At Alliance Française on Fridays at 8 pm
The Alliance Française is currently featuring the work of Alain Resnais.
At Alliance Française on Friday, November 27: Stavisky... (1974) by Alain Resnais – 120 mins – France/ Italy, Crime/ Drama. English subtitles. Reviews: Universal acclaim: 83 out of 100.
With Jean-Paul Belmondo, François Périer, Anny Duperey, Michael Lonsdale, Claude Rich, Charles Boyer.
France, July 1933. Leon Trotsky secretly arrives in Cassis. The French government has granted him political asylum. At the same time, Serge Alexandre, a.k.a. Stavisky, is rocking the Parisian political and financial scene with his many dealings squandering millions...
– Alliance description
Rotten Tomatoes: Director Alain Resnais' Stavisky... is a stylized recounting of the life of Alexandre Stavisky, a masterful swindler who sold thousands of worthless bonds, working his way into a massive financial hole and drowning in a riotous political scandal. The film focuses on his heyday, which came in the years just before his arrest and subsequent death in 1934. Surrounded by an aristocratic class of financiers who, like Stavisky, delighted in transferring enormous sums among a multitude of accounts around Europe, he was an expert at moving money. Stavisky inhabited the lavish wooden parlors and grandiose theaters of Paris, the ocean overpasses and casinos of Biarritz, with sexy cars, planes, and women to get him from place to place. The delectably glossy filming of Stavisky..., like its dialogue, is sharp, pointed, tightly framed, and complex. Every scene contains a lingering spatial depth and a feeling of weighted drama, colored by flashbacks and dream sequences that are rendered with fragile grace. All the while, a narrator who watches through binocular lenses follows the subtle subplots of Stavisky's love affairs, sporting affairs, and legal affairs. When Stavisky is arrested in the middle of a dinner party (reminiscent of Resnais' Last Year at Marienbad with red wine spilled dramatically across the white tablecloth and a bejeweled woman in a cocktail dress careening through the air like a wounded bird), the ugly end is near. A thumping musical score from Stephen Sondheim completes this masterwork, sprinkling it with noirish spice.
At Alliance Française on Friday, December 4: Mon oncle d'Amérique / My American Uncle (1980) by Alain Resnais– 125 mins – France, Comedy/ Drama/ Romance. English subtitles. Reviews: Universal acclaim: 81 out of 100.
With Gérard Depardieu, Nicole Garcia, Roger Pierre, Marie Dubois, Nelly Borgeaud, Pierre Arditi.
Three intersecting paths: a journalist, news editor for a radio station, a farmer’s son turned textile factory manager, and a working class girl drawn to the theatre and fashion … all under the scientific gaze of Professor Henri Laborit…
– Alliance description
Rotten Tomatoes: Alain Resnais' Mon oncle d'Amérique may be the best all-around display of the director's unique narrative and photographic techniques. The film begins with still photographs appearing on the screen as a narrator gives a quick biography of each of the three characters in the movie: Jean, Janine, and René. They are presented first in their childhood: a picture of Jean collecting clams, a picture of Janine reciting poetry to her family, and a picture of René in his farm overalls. Then each character introduces him- or herself in young adulthood, and the film rolls as they take turns narrating their own biographies. From there, with frequent interruptions by Professor Henri Laborit, the psychiatrist who takes over as an external narrator, the film assumes the traditional third-person approach to its three subjects, following them as they marry and separate, have affairs, suffer, rejoice, have children, find success, fail miserably, and eventually meet each other. All the while, the psychiatrist-narrator adds fabulously absurd but simultaneously poignant existential explanations for why these characters do what they do. Mon oncle d'Amérique is a film in which everything has meaning. Every action, every word, each gesture, color, and feeling plays into the explanations of the psychiatrist. Thus, as the narrator explains the story, the same scenes roll several times, adding a touch of good-natured comedy to this sophisticated film.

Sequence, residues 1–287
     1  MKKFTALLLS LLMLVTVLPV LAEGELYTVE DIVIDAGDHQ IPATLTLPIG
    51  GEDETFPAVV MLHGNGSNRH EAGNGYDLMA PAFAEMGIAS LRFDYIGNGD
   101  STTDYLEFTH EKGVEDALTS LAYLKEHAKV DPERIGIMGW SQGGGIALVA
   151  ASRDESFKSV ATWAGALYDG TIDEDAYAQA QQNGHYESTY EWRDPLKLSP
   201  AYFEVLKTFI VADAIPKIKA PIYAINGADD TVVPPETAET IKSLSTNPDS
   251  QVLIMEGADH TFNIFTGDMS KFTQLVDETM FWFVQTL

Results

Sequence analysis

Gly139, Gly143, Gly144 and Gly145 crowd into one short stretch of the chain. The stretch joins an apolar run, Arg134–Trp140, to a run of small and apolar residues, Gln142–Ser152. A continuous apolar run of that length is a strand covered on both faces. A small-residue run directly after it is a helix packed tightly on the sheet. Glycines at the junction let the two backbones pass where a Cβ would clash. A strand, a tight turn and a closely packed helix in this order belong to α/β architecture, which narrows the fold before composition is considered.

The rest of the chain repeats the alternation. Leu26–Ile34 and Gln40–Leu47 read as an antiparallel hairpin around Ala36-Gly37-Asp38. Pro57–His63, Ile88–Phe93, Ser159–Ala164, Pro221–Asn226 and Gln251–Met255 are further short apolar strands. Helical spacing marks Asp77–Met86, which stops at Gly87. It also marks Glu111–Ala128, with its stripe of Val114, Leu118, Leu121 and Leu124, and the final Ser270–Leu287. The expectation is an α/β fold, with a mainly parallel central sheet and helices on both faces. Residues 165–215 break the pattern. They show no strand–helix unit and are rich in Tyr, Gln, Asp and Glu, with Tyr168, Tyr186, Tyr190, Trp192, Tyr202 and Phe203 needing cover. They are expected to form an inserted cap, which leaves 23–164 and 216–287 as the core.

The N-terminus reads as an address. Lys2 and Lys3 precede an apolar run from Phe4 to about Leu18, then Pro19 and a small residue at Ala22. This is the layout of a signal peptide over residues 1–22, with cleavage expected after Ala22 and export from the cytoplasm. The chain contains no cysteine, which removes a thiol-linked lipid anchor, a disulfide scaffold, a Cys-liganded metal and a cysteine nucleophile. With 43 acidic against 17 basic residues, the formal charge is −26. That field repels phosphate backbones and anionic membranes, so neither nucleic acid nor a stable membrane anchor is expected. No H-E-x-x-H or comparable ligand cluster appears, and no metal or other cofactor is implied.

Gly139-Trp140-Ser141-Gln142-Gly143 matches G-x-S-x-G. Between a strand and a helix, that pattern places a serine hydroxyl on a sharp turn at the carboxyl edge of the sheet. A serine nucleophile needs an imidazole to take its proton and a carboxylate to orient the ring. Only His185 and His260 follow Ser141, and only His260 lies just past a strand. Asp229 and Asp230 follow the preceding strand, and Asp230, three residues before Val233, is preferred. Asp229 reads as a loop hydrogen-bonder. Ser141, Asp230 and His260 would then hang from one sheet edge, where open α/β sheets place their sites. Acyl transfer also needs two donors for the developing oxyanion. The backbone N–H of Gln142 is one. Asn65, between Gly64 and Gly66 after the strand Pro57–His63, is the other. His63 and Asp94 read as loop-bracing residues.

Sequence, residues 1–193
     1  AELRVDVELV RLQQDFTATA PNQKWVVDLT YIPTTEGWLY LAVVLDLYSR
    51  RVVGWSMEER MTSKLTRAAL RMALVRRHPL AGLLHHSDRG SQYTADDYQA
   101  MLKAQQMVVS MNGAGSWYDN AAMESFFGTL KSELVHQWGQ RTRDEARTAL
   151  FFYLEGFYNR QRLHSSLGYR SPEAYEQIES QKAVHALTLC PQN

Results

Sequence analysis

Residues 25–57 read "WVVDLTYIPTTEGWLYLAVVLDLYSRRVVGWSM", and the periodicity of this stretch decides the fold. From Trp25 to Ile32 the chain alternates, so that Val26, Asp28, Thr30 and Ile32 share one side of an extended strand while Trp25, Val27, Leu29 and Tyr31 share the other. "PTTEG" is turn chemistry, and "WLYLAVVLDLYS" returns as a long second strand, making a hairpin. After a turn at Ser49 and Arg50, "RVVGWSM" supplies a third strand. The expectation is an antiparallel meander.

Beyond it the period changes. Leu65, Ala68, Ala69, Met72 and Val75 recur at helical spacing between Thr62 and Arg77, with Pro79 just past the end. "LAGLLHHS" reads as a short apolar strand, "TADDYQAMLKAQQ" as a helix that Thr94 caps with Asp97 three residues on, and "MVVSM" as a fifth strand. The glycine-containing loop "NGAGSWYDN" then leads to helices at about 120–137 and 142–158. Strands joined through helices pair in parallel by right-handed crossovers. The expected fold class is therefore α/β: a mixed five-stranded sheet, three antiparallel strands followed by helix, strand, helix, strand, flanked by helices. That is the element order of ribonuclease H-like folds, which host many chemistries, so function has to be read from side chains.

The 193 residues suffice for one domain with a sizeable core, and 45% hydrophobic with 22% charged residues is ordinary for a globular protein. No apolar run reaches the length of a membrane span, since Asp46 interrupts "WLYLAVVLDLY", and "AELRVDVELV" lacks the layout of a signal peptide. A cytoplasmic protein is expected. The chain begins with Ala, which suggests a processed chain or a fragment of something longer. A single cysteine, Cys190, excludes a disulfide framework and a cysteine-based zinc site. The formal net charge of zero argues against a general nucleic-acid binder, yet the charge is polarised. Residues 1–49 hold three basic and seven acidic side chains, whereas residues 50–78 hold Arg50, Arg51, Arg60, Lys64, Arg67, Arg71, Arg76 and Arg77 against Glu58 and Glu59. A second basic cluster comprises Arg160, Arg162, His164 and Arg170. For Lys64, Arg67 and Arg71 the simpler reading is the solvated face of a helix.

At Alliance Française on Friday, December 11: On connaît la chanson / Same Old Song (1997) by Alain Resnais – 120 mins – France/ Switzerland/ UK, Comedy/ Drama/ Musical. English subtitles. Reviews: Generally favorable: 64 out of 100.
With Pierre Arditi, Sabine Azéma, André Dussolier, Jean Pierre Bacri, Jane Birkin, Agnès Jaoui, Lambert Wilson, Jean Pierre Darroussi.
In Paris, six characters get caught up in a web of romantic and social confusion combined with mounting misunderstandings, which force them to face their own truth. And each of them expresses their emotions through songs old and new …
– Alliance description
Rotten Tomatoes: Four years before BazLuhrman'sMoulin Rouge, Alain Resnais made this musical love story using contemporary pop songs. The songs are used in a style similar to Moulin Rouge as they are the portal through which the innermost feelings of love are released. Characters lip-sync to popular tunes of the day to express their emotional states. Each character is also assigned a song that acts as an anthem for them in this clever musical comedy. The story involves a Parisian woman (Sabine Azema) desperately in search of a more spacious apartment. Her sister offers the assistant of her new lover, a real estate agent. Azema not only finds living space through the agency, but romance as well.